AuditTalk with Alan Maran: The SOX Journey at Chewy

AuditTalk with Alan Maran: The SOX Journey at Chewy

Most auditors who work for public companies walk into a well established SOX program. From their perspective, others already documented narratives and controls, and quarterly testing may be fairly routine. Alan Maran and the Internal Audit team at Chewy had a very different experience. Chewy is an e-commerce company specializing in pet food and pet-related products, and the company just went public in July 2019. As a newly minted public company, Chewy was now subject to SOX compliance

Alan Maran of Chewy shares his advice about building a successful SOX program pre- and post-IPO.


Six months before the company went public, Chewy tasked Alan Maran and his team with documenting processes and identifying controls that would become its SOX program. As Alan explains, creating the SOX environment was a journey that included more than documentation. Starting from scratch meant educating those in the business on what it takes to implement a well-controlled, forward-looking business environment that includes financial, technical, and operational risks. As an example of the education efforts, internal audit helped design a SOX 101 learning program for control owners on documentation standards and keeping their documentation updated. After going through the education session, control owners could better understand their controls to reevaluate their processes and suggest changes to their key control listing. As a result, audit and the control owners have a strong partnership, with management assuming full ownership of their controls and audit providing guidance.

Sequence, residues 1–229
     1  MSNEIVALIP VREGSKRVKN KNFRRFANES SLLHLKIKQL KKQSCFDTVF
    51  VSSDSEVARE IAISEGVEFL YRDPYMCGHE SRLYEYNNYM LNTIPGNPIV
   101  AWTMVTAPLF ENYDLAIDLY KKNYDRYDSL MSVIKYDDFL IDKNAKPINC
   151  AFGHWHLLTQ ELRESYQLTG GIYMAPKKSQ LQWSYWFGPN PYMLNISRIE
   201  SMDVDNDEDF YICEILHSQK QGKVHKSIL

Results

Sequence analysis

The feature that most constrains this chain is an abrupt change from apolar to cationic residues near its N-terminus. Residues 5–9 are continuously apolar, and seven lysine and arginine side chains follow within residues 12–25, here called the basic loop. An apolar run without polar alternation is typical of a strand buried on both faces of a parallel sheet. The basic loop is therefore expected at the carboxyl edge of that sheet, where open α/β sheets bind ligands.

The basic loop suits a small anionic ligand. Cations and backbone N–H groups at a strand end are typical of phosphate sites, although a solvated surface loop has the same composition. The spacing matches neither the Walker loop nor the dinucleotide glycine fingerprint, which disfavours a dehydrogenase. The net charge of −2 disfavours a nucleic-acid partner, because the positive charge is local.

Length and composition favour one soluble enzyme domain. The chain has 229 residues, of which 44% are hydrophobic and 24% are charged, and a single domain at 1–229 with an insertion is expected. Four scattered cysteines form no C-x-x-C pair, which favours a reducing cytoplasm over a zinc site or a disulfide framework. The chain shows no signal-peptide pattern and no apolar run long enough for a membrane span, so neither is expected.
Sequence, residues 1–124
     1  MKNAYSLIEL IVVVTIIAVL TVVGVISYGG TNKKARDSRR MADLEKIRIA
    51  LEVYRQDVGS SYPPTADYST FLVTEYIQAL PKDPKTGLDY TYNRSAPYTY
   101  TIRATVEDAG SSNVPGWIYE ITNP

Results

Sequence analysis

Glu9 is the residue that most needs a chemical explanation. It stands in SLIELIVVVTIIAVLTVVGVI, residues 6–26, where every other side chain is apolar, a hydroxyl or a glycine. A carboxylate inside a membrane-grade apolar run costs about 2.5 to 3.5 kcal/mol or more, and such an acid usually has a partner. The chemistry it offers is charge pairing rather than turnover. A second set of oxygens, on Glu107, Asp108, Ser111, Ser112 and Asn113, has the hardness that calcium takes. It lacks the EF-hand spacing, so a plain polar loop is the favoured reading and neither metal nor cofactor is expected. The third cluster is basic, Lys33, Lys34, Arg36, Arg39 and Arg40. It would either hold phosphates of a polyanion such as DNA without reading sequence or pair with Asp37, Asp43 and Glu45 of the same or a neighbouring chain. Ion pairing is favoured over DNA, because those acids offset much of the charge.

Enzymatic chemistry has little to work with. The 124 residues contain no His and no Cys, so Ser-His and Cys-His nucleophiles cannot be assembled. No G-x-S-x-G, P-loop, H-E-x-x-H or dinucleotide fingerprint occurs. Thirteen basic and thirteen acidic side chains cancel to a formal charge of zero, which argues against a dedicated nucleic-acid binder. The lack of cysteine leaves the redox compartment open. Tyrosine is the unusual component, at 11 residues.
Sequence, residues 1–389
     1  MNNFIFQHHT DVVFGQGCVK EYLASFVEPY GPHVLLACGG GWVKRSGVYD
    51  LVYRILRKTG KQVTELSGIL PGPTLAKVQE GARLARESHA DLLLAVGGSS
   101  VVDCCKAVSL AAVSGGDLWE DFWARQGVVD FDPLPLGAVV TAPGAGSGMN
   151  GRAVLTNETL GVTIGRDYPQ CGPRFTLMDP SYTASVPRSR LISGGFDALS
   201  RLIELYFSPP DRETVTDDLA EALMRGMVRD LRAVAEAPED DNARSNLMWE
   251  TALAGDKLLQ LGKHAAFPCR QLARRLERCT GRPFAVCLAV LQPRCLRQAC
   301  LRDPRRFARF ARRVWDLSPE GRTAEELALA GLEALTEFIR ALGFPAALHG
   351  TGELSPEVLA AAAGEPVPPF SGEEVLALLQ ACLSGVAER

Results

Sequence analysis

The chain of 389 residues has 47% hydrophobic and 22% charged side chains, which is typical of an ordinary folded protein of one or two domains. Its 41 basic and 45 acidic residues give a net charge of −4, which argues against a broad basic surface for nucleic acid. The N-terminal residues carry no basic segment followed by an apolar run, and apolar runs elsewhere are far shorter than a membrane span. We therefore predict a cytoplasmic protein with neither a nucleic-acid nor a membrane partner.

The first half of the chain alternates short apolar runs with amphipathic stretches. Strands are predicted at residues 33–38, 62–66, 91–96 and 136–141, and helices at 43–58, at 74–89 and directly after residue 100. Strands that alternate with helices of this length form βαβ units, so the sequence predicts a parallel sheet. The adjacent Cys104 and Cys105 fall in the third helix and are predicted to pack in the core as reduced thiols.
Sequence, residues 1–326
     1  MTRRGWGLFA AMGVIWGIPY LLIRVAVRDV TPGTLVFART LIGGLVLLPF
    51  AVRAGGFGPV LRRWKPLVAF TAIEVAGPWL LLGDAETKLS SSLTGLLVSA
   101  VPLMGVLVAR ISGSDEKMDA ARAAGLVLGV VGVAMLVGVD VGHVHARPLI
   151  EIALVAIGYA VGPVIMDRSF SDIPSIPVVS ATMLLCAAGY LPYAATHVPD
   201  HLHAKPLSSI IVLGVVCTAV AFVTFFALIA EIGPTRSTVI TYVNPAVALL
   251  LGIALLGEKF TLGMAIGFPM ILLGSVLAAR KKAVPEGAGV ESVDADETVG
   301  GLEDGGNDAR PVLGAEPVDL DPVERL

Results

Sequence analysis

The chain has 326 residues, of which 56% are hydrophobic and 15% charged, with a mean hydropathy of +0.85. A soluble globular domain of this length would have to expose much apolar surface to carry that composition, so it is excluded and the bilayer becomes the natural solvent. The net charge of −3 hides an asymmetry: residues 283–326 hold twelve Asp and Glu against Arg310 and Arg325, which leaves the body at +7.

At the start of the journey, the team was just three people tasked with documenting all the processes, risks, and controls. Alan credits building the audit team and implementing AuditBoard as a technology enablement solution to get through the journey. A successful SOX program manages repetitive exercises like reminding control owners to update documents, sending out PBC lists (documentation requests), and signing off controls. Embracing technology freed up the team’s limited time so they could focus on more critical tasks.

Internal Audit was also able to gain the audit committee’s trust by proving the value of their function by reviewing the areas that mattered most to the company, like cybersecurity and business continuity plans during the COVID pandemic. From that point on, internal audit had a seat at the table. Now they were able to advise management by discussing the use of automation and data analytics as part of their controls and thinking ahead to continuous monitoring to make the company more proactive than reactive.

Establishing the SOX program at Chewy was a great learning experience for Alan. He shared a few best practices that can help anyone who has SOX testing responsibilities. Alan advises us to be objective when designing controls to mitigate risk without making your controls too specific. If the control descriptions are too specific, you end up with large numbers of controls. When deciding where to spend your effort, focus on the key processes and controls that are the most important to the company and not on trying to control everything. Finally, he recommends validating your understanding of risks and your controls with your external audit partners early in the process and partner with them when planning for the future.

Since the beginning of their journey, the audit department at Chewy has more than tripled. The company continued to invest in its growth because of the value brought by the department’s proactive mindset. As a final takeaway, Alan says one of their next goals is to provide an even better risk assessment, one that includes strategic risks and looks at risk from all angles to help management continue to stay ahead of the curve. 

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